Transport for London
Printable version

One year to go until world-leading Direct Vision Standard strengthened

From October 2024, HGVs over 12 tonnes will be required to have a three-star rating or fit a Progressive Safe System (PSS) of vehicle safety measures to operate in Greater London.

  • While the first phase of the scheme has been a great success, it was always going to be continually updated      
  • Fatal collisions where vision was a contributing factor have fallen by 75 per cent following the introduction of DVS  
  • Improving vehicle safety features will further reduce the level of risk to vulnerable road users including people walking and cycling   
  • A three-month grace period from 28 October 2024 will be offered to the industry to comply with the new PSS 

With one year to go until Transport for London (TfL) enhances the HGV Safety Permit Scheme, TfL is encouraging operators to prepare their fleets. While the first phase of the scheme has been a great success, it was always going to be continually updated. TfL set out their plans to do so in June this year following public consultation. Sadly, people continue to be killed and seriously injured in collisions, and this next phase of the scheme will harness new technology on the market to make our roads even safer. From 28 October 2024, HGVs over 12 tonnes will require a minimum three-star Direct Vision Standard (DVS) rating or to fit the updated system of enhanced safety features - the Progressive Safe System (PSS) - in order to operate in Greater London. The DVS and HGV Safety Permit Scheme is a key part of the Mayor of London's Vision Zero plan to eliminate all deaths and serious injuries on London's transport network. These changes aim to further enhance the safety standards of HGVs operating in the capital, helping them to reduce road danger for all, including vulnerable road users such as people walking and cycling.  

Making roads safer is a priority for TfL and the freight industry. Data shows that fatal collisions where vision is a contributing factor have fallen by 75 per cent from 2018 to 2023. This shows the importance of the HGV Safety Permit Scheme in reducing road danger in London. DVS is also a world first and its impacts are being felt across the UK and EU. The work TfL has undertaken with manufacturers has already seen the EU incorporate direct vision into safety standards. The European Commission expects that this, along with other safety measures being introduced, will save an estimated 25,000 lives by 2038*.  

TfL will continue to work closely with the freight industry to monitor hauliers' readiness to fit PSS measures ahead of October 2024. In order to give the industry sufficient time to buy, fit, and test any new safety equipment in line with the new PSS there will be a grace period of at least three months following the standard tightening in October. This will be reviewed with industry, TfL, and London Councils in June 2024.  

The current Safe System of additional safety measures was developed and consulted on in 2018, and was reviewed by TfL in 2022 to reflect new equipment and technologies available on the market. TfL consulted operators, manufacturers, suppliers, road user safety groups, industry and other stakeholders on its PSS proposals between 14 February and 3 April 2023. The consultation showed an encouraging level of support (more than 55 per cent) for the principles of DVS, the HGV Safety Permit Scheme and the principles underpinning the PSS.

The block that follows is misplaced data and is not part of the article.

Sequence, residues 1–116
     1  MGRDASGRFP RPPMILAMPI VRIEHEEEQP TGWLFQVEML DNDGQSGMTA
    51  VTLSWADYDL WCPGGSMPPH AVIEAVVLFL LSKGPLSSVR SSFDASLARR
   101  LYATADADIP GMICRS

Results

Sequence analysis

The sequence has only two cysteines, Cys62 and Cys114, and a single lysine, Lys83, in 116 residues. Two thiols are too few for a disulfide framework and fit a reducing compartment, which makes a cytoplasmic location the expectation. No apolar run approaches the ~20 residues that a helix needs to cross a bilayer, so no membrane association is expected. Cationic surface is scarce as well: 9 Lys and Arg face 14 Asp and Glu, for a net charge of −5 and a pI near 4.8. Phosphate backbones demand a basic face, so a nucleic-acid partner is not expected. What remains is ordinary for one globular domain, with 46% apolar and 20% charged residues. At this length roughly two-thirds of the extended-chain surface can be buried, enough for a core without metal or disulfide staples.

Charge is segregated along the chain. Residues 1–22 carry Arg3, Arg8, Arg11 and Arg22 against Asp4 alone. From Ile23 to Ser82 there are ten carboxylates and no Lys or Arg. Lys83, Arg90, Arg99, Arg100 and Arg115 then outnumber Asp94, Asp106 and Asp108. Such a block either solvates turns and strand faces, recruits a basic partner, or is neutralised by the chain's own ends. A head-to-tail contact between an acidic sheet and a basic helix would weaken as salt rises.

Last month, TfL published an updated DVS Guide for Operators along with technical specifications for Moving Off Information Systems (MOIS) and Blind Spot Information System (BSIS) to fully reflect the enhanced DVS requirements and the new PSS that will replace the existing Safe System. The guidance provides an overview of the HGV Safety Permit Scheme and sets out the vehicle requirements needed to get a permit. It also provides details of how the HGV Safety Permit Scheme changed, demonstrating how the PSS is an enhancement of the existing Safe System.   

Christina Calderato, TfL's Director of Transport Strategy and Policy, said: "We are determined to make roads safer for everyone and are committed to Vision Zero, the Mayor's goal to eliminate death and serious injury from the transport network. It's vital that all vehicles using London's roads have safety at the forefront of their design and our world-first Direct Vision Standard has helped to significantly improve lorry safety, reducing fatal collisions where vision is a contributing factor by three quarters between 2018 and 2023. With one year to go until we enhance the DVS HGV Permit Scheme, we are now encouraging operators to prepare their fleets so that we can take this important next step in making our streets safer for everyone."  

Will Norman, London's Walking and Cycling Commissioner, recently said:

"London's world-leading Direct Vision Standard is helping to significantly improve lorry safety in the capital. However, every death and serious injury on our roads is one too many and it is clear that further safety measures are required. From October 2024, TfL is enhancing the DVS HGV Permit Scheme. TfL is now encouraging operators to prepare their fleets and ensure they meet the new safety standards. 

 "More Londoners are walking and cycling than ever before and this bold action is a major step forward in the Mayor's Vision Zero plan to eradicate all deaths and injuries from our roads, and will hopefully transform road safety across Europe in the coming years."

Notes to Editors

More information on the upcoming changes to the DVS scheme can be found here


Channel website:

Original article link:

Share this article

Latest News from
Transport for London

Adoption of Intelligent Automation in the Public Sector